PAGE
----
South African cricketers in self-isolation

South Africa's cricket player Faf du Plessis wearing a facemask amid concerns over the spread of the COVID-19 novel coronavirus, arrives at a hotel in Kolkata on March 16, 2020.
South Africa's cricket player Faf du Plessis wearing a facemask amid concerns over the spread of the COVID-19 novel coronavirus, arrives at a hotel in Kolkata on March 16, 2020.
Image: Dibyangshu SARKAR / AFP

Having returned from their aborted ODI tour of India on Wednesday morning, the Proteas squad will go into a 14-day self-isolation as a precaution against the rapidly spreading novel coronavirus (Covid-19).

South Africa had embarked on a three-match ODI tour of India earlier this month, with the first match washed out in Dharamshala while the other ODIs were to take place in Lucknow and Kolkata. The spread of the disease worldwide meant the series had to be rescheduled.

Such is the global scale of the disease that India’s money spinning Indian Premier League that was supposed to start on March 29 has been pushed back to April 15.

Proteas chief medical officer Dr Shuaib Manjra said the players will be following strict protocols while in self-isolation.

“We’ve recommended that all the players self-isolate and social distance themselves for a minimum of 14 days because that’s proper guidance to protect people around them who could be vulnerable,” Manjra said.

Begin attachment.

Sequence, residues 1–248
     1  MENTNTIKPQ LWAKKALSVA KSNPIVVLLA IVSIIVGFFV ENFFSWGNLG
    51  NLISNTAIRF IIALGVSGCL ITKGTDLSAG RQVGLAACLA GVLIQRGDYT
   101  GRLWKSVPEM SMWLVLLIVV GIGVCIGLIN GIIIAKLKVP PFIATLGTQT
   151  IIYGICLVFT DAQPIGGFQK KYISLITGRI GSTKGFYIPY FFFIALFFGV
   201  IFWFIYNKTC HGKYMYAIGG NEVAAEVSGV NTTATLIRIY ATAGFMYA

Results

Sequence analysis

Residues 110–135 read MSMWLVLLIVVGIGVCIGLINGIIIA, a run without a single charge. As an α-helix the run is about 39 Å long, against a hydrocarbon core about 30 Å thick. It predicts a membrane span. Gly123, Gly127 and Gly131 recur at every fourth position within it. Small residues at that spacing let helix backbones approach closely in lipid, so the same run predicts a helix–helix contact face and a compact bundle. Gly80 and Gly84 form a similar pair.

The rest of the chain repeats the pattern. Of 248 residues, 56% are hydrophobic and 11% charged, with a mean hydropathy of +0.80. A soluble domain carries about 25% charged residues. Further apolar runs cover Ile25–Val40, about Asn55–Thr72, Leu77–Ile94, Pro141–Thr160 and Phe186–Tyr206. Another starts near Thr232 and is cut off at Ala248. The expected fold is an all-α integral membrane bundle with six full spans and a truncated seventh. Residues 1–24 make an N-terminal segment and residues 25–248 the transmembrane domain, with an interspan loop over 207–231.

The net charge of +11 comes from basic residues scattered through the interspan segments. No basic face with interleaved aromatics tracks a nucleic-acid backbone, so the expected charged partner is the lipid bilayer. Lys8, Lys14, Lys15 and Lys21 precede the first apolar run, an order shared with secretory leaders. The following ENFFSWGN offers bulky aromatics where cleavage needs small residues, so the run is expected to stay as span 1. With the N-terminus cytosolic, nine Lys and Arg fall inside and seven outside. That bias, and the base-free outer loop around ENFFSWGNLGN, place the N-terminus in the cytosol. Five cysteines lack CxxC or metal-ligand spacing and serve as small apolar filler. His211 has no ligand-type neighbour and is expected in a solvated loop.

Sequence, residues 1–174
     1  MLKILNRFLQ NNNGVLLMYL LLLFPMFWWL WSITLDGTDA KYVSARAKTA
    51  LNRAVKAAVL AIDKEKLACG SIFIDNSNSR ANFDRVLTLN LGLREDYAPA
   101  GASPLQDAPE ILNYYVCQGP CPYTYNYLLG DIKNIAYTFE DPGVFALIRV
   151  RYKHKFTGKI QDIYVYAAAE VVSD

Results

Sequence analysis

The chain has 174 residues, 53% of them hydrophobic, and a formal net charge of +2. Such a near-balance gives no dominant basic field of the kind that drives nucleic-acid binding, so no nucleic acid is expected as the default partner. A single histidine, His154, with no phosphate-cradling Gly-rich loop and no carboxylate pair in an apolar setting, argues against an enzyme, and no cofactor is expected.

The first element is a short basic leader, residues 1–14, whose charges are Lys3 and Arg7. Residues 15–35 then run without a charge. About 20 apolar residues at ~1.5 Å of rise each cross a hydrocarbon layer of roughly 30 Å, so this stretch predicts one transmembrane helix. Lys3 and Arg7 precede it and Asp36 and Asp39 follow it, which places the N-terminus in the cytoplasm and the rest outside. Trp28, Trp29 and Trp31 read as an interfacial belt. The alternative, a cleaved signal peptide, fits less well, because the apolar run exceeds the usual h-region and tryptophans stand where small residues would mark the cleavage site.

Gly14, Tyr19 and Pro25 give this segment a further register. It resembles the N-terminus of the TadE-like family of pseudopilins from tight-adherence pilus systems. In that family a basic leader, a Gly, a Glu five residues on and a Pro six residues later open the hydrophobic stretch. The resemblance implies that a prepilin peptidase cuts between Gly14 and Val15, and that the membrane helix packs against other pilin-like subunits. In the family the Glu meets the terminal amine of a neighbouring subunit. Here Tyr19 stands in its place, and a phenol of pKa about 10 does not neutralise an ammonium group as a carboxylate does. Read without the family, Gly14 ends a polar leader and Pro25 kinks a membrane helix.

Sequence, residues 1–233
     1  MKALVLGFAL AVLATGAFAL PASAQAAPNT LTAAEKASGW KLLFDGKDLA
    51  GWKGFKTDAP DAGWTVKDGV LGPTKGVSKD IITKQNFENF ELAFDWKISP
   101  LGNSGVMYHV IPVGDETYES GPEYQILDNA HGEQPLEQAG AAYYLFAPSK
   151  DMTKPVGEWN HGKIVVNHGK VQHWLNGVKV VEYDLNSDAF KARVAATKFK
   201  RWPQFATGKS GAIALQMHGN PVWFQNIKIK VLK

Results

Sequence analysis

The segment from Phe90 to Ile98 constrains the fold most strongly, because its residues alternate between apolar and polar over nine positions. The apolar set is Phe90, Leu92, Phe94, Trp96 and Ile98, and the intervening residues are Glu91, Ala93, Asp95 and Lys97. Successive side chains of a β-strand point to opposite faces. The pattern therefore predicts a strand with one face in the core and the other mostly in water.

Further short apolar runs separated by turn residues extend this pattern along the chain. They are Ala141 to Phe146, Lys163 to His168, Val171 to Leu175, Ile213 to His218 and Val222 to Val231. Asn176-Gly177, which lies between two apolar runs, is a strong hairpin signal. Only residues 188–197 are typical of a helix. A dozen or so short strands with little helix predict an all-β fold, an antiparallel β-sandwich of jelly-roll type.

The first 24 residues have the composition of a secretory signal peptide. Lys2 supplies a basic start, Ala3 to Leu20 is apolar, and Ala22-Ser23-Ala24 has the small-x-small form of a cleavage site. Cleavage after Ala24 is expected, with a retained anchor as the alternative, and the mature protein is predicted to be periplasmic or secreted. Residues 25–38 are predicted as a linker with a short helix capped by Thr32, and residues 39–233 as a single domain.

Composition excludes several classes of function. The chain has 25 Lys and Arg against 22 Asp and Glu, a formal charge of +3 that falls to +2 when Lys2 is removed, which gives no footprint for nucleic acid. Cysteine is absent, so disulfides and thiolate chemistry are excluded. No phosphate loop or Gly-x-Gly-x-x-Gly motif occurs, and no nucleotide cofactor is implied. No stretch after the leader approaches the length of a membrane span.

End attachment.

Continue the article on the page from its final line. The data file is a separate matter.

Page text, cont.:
“In that period, should any of those players have symptoms or any other factors that are a cause for concern, we’ll make sure they’re investigated appropriately and managed according to the necessary protocols.”

The spread of the disease worldwide has had a marked impact on domestic and international sport. South Africa’s domestic cricket season has been halted while provincial cricket offices have closed down, with necessary officials being on standby. South Africa currently has 116 recorded cases of the disease as per the time of going to print.

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Manjra said the lay of the global land changed significantly from the time they arrived in India when the disease was not as widespread as it is now. However, Manjra said the players have been well educated in terms of what to look out for in terms of the disease. Medical experts will also be available for players in the event of adverse symptoms.

“We’ve educated the players on the disease – what it is, what it means and the symptom recognition, monitoring themselves in terms of temperature and the other symptoms that come with the coronavirus. We’re comfortable that they know what the disease is,” Manjra said.

“We’ve continued to make our experts available to them post-tour, so if any of them have any concerns, they’ll contact us or the medical staff.”

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